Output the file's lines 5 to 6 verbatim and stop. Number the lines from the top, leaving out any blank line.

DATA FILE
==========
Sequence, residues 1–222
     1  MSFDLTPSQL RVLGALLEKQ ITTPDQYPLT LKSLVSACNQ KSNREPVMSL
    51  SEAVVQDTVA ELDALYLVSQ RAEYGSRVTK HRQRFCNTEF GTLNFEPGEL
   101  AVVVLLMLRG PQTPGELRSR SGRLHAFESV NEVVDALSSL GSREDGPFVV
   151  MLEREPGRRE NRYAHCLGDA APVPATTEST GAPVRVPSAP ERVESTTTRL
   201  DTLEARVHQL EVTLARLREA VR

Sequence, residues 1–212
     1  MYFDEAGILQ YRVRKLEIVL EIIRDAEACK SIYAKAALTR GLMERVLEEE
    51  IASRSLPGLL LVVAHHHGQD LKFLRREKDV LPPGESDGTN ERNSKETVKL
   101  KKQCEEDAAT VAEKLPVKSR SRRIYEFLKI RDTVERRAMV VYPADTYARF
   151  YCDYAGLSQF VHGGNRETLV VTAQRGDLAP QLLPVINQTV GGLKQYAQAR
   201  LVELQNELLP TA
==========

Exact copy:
   151  MLEREPGRRE NRYAHCLGDA APVPATTEST GAPVRVPSAP ERVESTTTRL
   201  DTLEARVHQL EVTLARLREA VR